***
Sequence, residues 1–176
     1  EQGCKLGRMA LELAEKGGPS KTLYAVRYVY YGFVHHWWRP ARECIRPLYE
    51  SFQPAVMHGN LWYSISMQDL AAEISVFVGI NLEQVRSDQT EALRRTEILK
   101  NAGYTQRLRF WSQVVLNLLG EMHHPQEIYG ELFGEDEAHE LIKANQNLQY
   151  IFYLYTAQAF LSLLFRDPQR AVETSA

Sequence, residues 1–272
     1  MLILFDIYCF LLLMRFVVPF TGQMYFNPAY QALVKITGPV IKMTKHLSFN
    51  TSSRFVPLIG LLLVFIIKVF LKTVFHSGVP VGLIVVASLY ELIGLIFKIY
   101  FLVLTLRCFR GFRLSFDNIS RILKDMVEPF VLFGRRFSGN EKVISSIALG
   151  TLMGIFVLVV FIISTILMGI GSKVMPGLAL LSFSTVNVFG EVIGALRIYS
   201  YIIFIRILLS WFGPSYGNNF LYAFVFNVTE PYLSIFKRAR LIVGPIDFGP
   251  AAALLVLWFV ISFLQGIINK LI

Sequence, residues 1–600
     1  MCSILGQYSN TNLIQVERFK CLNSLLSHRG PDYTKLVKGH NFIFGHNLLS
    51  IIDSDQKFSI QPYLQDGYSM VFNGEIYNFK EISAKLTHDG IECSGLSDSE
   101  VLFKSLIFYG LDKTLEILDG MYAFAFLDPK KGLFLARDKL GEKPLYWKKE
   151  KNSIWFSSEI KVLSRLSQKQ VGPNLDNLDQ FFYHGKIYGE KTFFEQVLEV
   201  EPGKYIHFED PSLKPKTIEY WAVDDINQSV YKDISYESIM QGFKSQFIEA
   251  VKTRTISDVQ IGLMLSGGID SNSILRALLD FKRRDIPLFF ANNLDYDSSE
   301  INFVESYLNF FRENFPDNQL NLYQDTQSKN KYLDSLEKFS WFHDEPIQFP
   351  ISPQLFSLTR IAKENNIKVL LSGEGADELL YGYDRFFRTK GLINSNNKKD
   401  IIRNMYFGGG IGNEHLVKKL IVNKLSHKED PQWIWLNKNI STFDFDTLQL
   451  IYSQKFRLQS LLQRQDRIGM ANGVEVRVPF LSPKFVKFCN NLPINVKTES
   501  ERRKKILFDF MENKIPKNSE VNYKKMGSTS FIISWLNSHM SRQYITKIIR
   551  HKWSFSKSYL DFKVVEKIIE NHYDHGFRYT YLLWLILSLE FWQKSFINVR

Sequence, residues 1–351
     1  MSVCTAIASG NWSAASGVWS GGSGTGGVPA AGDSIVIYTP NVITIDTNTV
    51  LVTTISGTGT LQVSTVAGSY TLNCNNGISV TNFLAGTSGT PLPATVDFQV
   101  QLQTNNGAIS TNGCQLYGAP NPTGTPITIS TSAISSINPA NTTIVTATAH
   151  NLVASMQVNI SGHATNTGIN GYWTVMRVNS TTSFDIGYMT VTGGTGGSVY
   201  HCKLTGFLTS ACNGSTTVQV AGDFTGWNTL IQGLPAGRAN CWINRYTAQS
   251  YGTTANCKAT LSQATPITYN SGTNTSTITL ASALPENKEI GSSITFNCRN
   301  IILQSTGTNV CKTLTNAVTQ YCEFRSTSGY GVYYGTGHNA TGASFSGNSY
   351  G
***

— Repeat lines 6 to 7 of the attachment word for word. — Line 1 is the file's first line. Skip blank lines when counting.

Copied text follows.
Sequence, residues 1–272
     1  MLILFDIYCF LLLMRFVVPF TGQMYFNPAY QALVKITGPV IKMTKHLSFN